Emperor Napoleon I re-established an aristocracy (but not a peerage system) in France during the First Empire. In general terms, the nobility was similar to the preceding Bourbon system, except it excluded the titles of ‘vicomte’ and ‘marquis’. There were three different styles of Napoleonic dukes: ten ‘victory dukes’ (Marshal Francois-Joseph Lefebvre, duc de Danzig on 28.05.1807 to Marshal Louis-Gabriel Suchet, duc d’Albufera in 1813); twenty dukes ‘grand-fief’ (General de Brigade Jean-Thomas Arrighi de Casanova, duc de Padue on 24.04.1808 [5] to duchesse de Frioul [widow of General de Division Giraud-Christophe-Michel Duroc] in 1813) and three ‘special circumstance’ dukedoms (Josephine de Beauharnais, duchesse de Navarre on 11.03.1810, Emmerich-Josef, duc de Dalberg on 14.04.1810 [6] and Vice-Admiral Denis Decres, duc de Decres on 28.04.1813 [7]).

With the return of King Louis XVIII in early 1814, a new constitution was proposed and a revised peerage list was necessary for candidates for the new upper house (the Chamber of Peers). Created on 4 April 1814, this list contained 154 names in strict order of precedence. The surviving pre-revolutionary ecclesisasical peers, duke-peers, hereditary dukes, brevet (or ‘life’) dukes and princes headed the first one-third of the list – with one exception: Napoleon’s former Foreign Minister, Charles-Maurice de Talleyrand-Perigord, prince de Benevent (02.02.1754-17.05.1838). Heading the first group of Napoleonic nobility on the new peerage list was Charles-Francois Lebrun, duc de Plaisance (19.03.1739-16.06.1824). [8]

The 1814 Chamber of Peers list was revised twice by King Louis XVIII after the Hundred Days (24.07.1815 and 17.08.1815).

Notes:

[1] Queen Marie-Antoine was guillotined on 16.10.1793.

[2] 2,596 death-sentences handed down by the Tribunal before Robespierre fell from power.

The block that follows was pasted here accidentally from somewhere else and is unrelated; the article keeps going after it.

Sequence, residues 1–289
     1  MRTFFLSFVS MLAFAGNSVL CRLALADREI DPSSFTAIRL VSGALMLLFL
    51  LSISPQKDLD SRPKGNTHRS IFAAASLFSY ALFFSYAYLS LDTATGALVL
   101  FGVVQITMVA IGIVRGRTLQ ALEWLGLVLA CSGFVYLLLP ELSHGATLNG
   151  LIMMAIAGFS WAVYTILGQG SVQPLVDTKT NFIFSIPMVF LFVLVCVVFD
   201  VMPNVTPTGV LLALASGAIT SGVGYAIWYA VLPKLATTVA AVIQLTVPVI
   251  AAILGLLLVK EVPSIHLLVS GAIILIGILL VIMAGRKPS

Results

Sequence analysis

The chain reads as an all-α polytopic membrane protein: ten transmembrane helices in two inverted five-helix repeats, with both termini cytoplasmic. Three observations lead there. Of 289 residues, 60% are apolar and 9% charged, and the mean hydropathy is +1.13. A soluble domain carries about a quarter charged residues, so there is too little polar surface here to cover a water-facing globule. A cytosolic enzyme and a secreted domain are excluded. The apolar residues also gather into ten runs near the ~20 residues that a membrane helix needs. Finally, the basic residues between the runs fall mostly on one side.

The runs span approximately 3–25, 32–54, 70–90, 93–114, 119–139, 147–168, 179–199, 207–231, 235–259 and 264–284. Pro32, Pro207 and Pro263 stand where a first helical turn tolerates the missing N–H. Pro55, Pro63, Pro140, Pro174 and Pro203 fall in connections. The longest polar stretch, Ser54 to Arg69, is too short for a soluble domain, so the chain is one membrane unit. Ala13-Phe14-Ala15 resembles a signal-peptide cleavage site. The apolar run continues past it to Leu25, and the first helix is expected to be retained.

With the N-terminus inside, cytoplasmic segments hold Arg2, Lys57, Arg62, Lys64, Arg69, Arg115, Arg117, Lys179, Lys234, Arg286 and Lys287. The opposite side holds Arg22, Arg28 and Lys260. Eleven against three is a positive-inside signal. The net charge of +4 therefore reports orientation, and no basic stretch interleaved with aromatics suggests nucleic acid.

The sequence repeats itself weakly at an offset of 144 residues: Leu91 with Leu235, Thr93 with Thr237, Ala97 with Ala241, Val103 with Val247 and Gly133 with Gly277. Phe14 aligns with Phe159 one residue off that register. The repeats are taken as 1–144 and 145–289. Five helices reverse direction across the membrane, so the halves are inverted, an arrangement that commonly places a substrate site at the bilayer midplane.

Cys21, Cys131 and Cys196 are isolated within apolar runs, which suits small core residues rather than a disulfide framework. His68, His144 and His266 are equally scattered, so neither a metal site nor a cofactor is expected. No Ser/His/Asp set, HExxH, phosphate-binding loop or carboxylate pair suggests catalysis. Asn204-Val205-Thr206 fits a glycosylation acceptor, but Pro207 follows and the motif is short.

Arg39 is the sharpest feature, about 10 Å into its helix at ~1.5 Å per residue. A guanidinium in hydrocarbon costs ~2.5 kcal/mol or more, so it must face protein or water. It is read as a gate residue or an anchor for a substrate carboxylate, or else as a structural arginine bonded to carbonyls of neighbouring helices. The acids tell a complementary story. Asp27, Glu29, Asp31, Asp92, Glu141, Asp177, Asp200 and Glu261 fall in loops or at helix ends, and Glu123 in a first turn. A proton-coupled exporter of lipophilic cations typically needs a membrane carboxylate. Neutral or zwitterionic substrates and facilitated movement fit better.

[3] Fouquier-Tinville himself was guillotined on 07.05.1795.

[4] Three other members of the 5th duc de Noailles’ family – Catherine-Francoise-Charlotte de Cosse-Brissac, duchesse de Noailles (his mother), Henriette-Anne-Louise d'Aguessau, duchesse de Noailles (his wife) and Anne-Jeanne-Baptiste-Pauline-Adrienne-Louise-Catherine-Dominique de Noailles, vicomtesse de Noailles (his daughter) were guillotined on 27 July 1794.

[5] Jean-Thomas Arrighi de Casanova (07.01.1778-22.03.1853) was a cousin of Napoleon’s mother.

[6] Emmerich-Josef von Dalberg (31.05.1773-27.04.1833) was a French diplomat of German origin. He was the nephew of Karl-Theodor von Dalberg, Prince-Primate of the Confederation of the Rhine (1806-1813). Dalberg was appointed to the short-lived Provisional Government after Napoleon’s abdication in 1814.

[7] Denis Decres (18.06.1761-07.12.1820) became Minister of Marine (02.10.1801) and vice-admiral (30.05.1804).

[8] Lebrun had been Third Consul prior to the creation of the First Empire [19.05.1804]. Former Second Consul Jean-Jacques-Regis de Cambaceres (18.10.1753-18.03.1824) was made Arch-Chancellor of France in 1804 and duc de Parme on 18.08.1808.

 

 

Placed on the Napoleon Series: September 2005